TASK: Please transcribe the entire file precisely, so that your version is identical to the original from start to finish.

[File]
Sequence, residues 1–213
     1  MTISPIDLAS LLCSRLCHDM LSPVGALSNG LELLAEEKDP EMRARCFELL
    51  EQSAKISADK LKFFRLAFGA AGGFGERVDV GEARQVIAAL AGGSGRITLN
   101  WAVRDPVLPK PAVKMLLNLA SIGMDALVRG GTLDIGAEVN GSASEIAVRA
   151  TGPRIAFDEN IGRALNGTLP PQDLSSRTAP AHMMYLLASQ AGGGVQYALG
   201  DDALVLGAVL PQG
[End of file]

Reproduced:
Sequence, residues 1–213
     1  MTISPIDLAS LLCSRLCHDM LSPVGALSNG LELLAEEKDP EMRARCFELL
    51  EQSAKISADK LKFFRLAFGA AGGFGERVDV GEARQVIAAL AGGSGRITLN
   101  WAVRDPVLPK PAVKMLLNLA SIGMDALVRG GTLDIGAEVN GSASEIAVRA
   151  TGPRIAFDEN IGRALNGTLP PQDLSSRTAP AHMMYLLASQ AGGGVQYALG
   201  DDALVLGAVL PQG